Mesenchymal stem cell (MSC)-based therapies are under broad investigation for applications in tissue repair but suffer from poor cell persistence and engraftment upon transplantation. MSC spheroids exhibit improved survival, anti-inflammatory, and angiogenic potential in vitro, while also promoting vascularization when implanted in vivo. However, these benefits are lost once cells engage the tissue extracellular matrix and migrate from the aggregate. The efficacy of cell therapy is consistently improved when using engineered materials, motivating the need to investigate the role of biomaterials to instruct spheroid function. In order to assess the contribution of adhesivity on spheroid activity in engineered materials and promote the bone-forming potential of MSCs, we compared the function of MSC spheroids when entrapped in Arg-Gly-Asp (RGD)-modified alginate hydrogels to nonfouling unmodified alginate. Regardless of material, MSC spheroids exhibited reduced caspase activity and greater vascular endothelial growth factor (VEGF) secretion compared with equal numbers of dissociated cells. MSC spheroids in RGD-modified hydrogels demonstrated significantly greater cell survival than spheroids in unmodified alginate. After 5 days in culture, spheroids in RGD-modified gels had similar levels of apoptosis, but more than a twofold increase in VEGF secretion compared with spheroids in unmodified gels. All gels contained mineralized tissue 8 weeks after subcutaneous implantation, and cells entrapped in RGD-modified alginate exhibited greater mineralization versus cells in unmodified gels. Immunohistochemistry confirmed more diffuse osteocalcin staining in gels containing spheroids compared with dissociated controls. This study demonstrates the promise of cell-instructive biomaterials to direct survival and function of MSC spheroids for bone tissue engineering applications.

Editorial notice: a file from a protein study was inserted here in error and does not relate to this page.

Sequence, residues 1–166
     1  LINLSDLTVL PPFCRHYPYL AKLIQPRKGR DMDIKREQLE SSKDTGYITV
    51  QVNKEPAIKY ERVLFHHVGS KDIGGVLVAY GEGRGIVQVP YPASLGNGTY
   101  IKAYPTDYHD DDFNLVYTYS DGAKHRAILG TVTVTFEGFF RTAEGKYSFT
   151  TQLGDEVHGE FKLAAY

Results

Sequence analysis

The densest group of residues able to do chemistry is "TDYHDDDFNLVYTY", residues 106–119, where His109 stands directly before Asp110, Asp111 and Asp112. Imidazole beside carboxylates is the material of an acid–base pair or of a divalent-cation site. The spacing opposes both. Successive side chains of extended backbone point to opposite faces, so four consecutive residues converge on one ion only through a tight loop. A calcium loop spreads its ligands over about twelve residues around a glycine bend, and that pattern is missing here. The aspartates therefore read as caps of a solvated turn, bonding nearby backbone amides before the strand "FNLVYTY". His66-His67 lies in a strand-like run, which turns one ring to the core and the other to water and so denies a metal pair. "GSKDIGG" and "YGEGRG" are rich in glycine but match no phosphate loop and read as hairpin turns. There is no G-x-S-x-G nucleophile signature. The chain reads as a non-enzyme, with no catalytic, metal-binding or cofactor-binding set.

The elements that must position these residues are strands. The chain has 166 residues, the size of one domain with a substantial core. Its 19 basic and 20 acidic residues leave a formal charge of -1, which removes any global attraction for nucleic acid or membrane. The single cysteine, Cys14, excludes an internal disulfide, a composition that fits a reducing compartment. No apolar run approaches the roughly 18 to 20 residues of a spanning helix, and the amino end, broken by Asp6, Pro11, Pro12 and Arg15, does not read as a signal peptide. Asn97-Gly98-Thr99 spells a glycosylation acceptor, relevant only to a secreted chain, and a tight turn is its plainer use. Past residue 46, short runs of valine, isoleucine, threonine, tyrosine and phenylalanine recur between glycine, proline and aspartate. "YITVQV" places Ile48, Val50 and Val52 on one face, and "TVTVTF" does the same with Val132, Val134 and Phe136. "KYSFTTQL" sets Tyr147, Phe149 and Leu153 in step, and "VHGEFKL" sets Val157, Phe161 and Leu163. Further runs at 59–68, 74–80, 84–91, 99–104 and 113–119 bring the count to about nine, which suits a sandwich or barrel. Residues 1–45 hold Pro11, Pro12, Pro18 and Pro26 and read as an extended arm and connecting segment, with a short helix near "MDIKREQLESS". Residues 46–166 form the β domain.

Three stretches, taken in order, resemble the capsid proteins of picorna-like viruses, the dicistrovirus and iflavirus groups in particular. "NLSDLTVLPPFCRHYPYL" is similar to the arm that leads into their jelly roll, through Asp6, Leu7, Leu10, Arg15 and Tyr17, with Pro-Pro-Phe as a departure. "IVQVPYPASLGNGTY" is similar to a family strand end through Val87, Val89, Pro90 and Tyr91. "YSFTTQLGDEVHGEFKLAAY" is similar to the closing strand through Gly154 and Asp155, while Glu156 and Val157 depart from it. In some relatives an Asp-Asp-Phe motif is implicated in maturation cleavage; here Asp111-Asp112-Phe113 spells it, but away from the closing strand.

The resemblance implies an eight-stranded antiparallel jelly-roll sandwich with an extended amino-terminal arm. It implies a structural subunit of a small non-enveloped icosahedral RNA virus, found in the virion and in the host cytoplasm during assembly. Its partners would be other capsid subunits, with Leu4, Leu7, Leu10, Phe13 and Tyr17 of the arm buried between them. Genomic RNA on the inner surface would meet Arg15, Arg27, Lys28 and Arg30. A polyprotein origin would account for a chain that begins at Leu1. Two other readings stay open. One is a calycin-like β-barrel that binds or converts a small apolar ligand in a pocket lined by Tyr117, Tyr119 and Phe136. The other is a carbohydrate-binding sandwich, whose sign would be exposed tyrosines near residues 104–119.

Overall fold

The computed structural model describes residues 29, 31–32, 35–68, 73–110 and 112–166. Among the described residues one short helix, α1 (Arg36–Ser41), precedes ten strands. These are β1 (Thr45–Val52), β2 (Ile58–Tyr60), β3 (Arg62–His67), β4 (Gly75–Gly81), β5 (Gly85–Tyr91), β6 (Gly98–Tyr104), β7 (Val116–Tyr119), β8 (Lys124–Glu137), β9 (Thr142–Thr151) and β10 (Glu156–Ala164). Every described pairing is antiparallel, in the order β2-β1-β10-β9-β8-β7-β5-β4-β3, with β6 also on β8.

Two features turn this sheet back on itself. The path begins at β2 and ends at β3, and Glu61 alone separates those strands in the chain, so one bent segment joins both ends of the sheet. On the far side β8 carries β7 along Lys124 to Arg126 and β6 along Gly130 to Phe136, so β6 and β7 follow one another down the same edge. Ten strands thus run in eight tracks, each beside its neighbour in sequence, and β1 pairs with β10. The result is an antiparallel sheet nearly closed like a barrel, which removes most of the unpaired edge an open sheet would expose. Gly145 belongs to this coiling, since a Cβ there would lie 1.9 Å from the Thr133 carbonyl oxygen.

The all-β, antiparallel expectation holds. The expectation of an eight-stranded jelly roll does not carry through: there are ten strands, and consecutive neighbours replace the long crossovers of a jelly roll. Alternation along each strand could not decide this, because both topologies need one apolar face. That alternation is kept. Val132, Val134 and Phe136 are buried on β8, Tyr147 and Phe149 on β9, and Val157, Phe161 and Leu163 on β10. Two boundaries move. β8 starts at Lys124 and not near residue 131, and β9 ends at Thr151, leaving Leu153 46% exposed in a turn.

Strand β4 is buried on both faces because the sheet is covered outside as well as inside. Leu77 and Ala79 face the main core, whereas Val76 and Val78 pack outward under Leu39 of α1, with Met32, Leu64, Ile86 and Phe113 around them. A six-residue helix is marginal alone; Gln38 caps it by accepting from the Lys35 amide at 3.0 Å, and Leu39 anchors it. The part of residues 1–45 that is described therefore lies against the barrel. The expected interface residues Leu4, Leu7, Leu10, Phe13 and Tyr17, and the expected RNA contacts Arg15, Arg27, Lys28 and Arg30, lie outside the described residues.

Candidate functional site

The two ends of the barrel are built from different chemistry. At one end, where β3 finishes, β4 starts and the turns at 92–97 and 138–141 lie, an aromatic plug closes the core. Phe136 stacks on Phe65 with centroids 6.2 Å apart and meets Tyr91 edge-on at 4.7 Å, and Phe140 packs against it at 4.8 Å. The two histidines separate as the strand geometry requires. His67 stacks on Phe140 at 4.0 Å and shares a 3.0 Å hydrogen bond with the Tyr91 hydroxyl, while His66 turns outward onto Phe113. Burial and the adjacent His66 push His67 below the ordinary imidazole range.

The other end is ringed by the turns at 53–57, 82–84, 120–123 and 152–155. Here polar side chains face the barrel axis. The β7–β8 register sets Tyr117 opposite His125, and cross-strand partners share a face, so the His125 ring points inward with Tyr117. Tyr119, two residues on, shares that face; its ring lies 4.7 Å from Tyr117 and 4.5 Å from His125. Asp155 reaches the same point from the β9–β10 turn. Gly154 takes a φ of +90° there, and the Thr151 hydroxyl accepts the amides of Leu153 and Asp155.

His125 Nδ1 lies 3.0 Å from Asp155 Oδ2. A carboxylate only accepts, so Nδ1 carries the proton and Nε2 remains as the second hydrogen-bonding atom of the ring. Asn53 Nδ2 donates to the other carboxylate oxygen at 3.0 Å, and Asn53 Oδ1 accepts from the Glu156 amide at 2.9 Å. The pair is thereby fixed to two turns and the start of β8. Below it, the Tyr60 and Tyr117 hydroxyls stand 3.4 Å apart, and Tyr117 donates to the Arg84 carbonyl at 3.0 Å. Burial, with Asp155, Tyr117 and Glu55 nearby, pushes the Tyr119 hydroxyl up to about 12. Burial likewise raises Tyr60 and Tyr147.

Significance: Mesenchymal stem cell (MSC) spheroids exhibit improved therapeutic potential in vitro compared with dissociated MSCs, yet spheroids are directly injected into tissues, ceding control of cell function to the extracellular matrix and potentially limiting the duration of improvement. Cell delivery using adhesive biomaterials promotes cell retention and function. These studies explored the role of adhesion to the surrounding matrix on spheroid function. When entrapped in an adhesive biomaterial, MSC spheroids exhibited improved survival and proangiogenic growth factor secretion in vitro and bone formation in vivo compared with cells in nonadhesive hydrogels. These findings demonstrate the value of deploying MSC spheroids in instructive biomaterials to improve cell function.
Keywords: Adhesion; Alginate; Mesenchymal stem cell; Osteogenesis; Spheroid.